Saheli*: Musings and Observations
Tuesday, October 25, 2005
 
Why I'm Glad I Agitated for A History of Warfare Class in High School

History is important. Because we don't want to repeat it, because we rely on it for evidence for our economic and policy goals, because not dealing with it screws up our collective memory and psychological health, because it's who we are. . .blah blah blah. I believe all these things and have always been passionate about history--it was far and away my best subject in school. But there is one place where it matters most precisely and most mechanically, and that is the law. Law is very often based on precedent, and the fair implementation of precedent requires good archives, good records, and a good understanding of the past. Especially when we're talking about laws that aren't applied in tidy courtrooms but on battlegrounds.

Intel-Dump has been considering the scandal over the burning of Taliban corpses. Time article here. To sum up, two Taliban soldiers, probably Pakistani in origin, were killed on a rocky outcrop by Americans who were fighting with more Taliban in the village below. The bodies decayed in the heat. The Americans were unwilling to give up the outcrop, and asked the villagers to come and retrieve the bodies for burial. When the villagers refused, the soldiers burned the bodies. Cremation, of course, is extremely un-Islamic.

First John Holdaway pointed out that "The most interesting fact is that CENTCOM and the Pentagon have become the biggest cheerleaders against the soldiers, stoking the issue with language in press releases usually reserved for the actions of Iraqi insurgents and terrorists." He then played defense counsel, asserting that the CENTCOM press releases constitute "Unlawful Command Influence," and building a case for why, under the Geneva Conventions, the cremations were not problematic.

Then David Glazier pointed out that the President had already declared the letter of the Geneva Conventions inapplicable to the conflict in Afghanistan, so that was a defense which Holdaway missed out on. "But surely no competent attorney would allow his client to be convicted for violating the “spirit” of the law! ," he wrote. (And here is an example of recent history that is hard to keep track of, and therefore hard to have a good debate about. Did the White House really suspend the GC for all the combatants in all the battles in Afghanistan? I know the argument was that Al Qaeda fighters were not allied with any nation, but the Talibani fighters--at least in the beginning, until we installed Karzai--were, in fact, fighting on behalf of the Taliban government of Afghanistan, one which we recognized enough to deliver ultimatums too.) Glazier's real point, however, is that prosecutors don't need the Geneva Conventions in this case:

The real legal basis for prosecution here should not be the Geneva Conventions at all. Although it’s commonplace today to view the law of war as largely synonymous with the Geneva Conventions, and war crimes as beginning with Nuremburg, there is in fact a much larger body of customary law that remains fully applicable regardless of whether specific treaty provisions apply or not. As the government itself noted in defending the 1942 Nazi saboteur military commission before the Supreme Court:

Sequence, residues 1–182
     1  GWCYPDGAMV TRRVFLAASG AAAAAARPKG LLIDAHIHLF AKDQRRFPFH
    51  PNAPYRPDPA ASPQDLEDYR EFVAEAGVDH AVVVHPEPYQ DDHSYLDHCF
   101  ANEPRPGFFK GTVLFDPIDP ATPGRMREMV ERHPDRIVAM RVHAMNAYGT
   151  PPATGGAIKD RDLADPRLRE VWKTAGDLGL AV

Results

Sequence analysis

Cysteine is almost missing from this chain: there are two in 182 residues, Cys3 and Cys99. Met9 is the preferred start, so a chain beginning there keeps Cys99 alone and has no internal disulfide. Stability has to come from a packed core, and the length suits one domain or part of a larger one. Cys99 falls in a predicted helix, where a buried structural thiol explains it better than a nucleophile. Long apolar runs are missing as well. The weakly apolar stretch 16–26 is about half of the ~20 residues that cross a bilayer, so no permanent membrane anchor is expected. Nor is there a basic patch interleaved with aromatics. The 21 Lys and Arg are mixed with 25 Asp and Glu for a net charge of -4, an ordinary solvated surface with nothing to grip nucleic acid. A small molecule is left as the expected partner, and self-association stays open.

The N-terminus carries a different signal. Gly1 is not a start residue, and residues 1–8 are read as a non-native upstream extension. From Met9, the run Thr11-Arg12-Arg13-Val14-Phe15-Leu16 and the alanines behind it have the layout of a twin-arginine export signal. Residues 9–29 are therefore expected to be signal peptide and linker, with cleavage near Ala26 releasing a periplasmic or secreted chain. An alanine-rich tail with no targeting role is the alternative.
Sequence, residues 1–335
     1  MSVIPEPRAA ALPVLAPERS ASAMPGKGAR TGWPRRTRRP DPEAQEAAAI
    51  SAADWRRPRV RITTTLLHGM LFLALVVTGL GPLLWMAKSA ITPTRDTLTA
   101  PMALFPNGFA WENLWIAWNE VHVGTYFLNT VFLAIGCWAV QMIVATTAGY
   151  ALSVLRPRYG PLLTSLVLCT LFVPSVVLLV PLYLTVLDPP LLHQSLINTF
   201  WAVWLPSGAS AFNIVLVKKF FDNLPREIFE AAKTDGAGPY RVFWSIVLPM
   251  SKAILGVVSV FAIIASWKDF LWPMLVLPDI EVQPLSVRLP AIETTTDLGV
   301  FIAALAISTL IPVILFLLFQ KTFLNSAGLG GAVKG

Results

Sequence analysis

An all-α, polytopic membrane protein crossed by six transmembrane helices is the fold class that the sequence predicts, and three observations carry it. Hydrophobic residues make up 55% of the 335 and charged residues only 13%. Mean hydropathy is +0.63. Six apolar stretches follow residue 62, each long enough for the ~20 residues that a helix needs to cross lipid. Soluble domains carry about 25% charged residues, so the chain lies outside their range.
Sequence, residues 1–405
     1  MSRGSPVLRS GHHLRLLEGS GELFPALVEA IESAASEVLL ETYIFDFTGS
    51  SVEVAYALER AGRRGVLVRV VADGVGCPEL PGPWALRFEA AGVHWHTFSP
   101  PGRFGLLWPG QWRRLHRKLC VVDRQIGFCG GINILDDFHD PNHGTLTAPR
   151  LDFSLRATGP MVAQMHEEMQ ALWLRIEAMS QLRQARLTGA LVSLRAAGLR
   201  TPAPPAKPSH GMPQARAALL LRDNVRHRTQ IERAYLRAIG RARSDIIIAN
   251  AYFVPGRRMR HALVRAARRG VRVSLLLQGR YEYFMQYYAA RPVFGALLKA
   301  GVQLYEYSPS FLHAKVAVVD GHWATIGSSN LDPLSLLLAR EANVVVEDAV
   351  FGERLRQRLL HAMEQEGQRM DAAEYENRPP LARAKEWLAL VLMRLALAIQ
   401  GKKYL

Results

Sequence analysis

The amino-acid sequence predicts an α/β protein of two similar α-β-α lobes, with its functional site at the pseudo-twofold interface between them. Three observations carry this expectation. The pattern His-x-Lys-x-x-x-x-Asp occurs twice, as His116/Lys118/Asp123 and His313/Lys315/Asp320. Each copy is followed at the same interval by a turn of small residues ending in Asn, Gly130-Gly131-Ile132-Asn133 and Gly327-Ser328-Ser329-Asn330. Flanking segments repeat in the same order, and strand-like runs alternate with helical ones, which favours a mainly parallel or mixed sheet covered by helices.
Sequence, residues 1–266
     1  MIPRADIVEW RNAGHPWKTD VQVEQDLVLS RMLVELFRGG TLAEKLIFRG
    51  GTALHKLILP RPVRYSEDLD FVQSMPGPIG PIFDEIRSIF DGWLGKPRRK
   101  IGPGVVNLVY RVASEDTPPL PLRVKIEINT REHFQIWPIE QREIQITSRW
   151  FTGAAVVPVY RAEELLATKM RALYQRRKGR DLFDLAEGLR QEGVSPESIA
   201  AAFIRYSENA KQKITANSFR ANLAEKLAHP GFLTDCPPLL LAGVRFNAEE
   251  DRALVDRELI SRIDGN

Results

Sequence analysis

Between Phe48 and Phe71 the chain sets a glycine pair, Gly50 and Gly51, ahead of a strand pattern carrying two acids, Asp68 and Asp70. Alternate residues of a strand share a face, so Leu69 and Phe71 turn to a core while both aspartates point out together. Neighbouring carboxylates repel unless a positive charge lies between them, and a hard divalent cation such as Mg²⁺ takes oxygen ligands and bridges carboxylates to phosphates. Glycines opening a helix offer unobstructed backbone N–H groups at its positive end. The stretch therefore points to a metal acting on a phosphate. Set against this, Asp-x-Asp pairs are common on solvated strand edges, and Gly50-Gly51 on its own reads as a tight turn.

the law of war, like civil law, has a great lex non scripta, its own common law. This ‘common law of war’…is a centuries-old body of largely unwritten rules and principles of international law which governs the behavior of both soldiers and civilians during time of war…The law of war has always been applied in this country.
The United States has tried a number of individuals for such offenses as failure to provide an honorable burial to enemy dead under this common law. . . The many American veterans who expressed dismay over these events recognize, even if not stating such in legal terms, that the U.S. military has long prided itself in compliance with the customary law of war. . . .So whether the conduct in question violates a Geneva Convention provision, or even whether the Geneva Conventions can lawfully be used as the basis of prosecuting our soldiers in Afghanistan misses the point. Violations of the customary law of war are chargeable under Article 134 of the UCMJ and the conduct at issue here is clearly triable by a general court-martial. (emphases mine.)
It seems to me that a real understanding of this lex non scripta (law not written) depends greatly on maintaining a good and reliable history of war, and constantly reminding people of that history. Tradition forgotten is tradition ignored. Without an understanding of the history of warfare, millions of American citizens, myself included, could easily be fooled into thinking that the debate about how we conduct ourselves in war is merely measured against what can and cannot be found in the Geneva Conventions, and if they do or do not apply. In fact, it seems, this lex non scripta has always applied. Ignorance is no excuse for breaking the law.

Postscript: Maybe it's because culturally, I find cremation to be the most respectful way to deal with decaying bodies, but I think it's kind of sad that it's in dealing with the dead that the Pentagon has decided to kick off a fuss. I'd much rather they improve our dealings with the living.
 


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Saheli Datta started this when she was a journalism student at Columbia in New York. Now she lives in the Bay Area. *Old people call me R. New people, call me Saheli. Thanks! My homepage. Specifically, my links. Email me: Saheli [AT] Gmail [dot] Com

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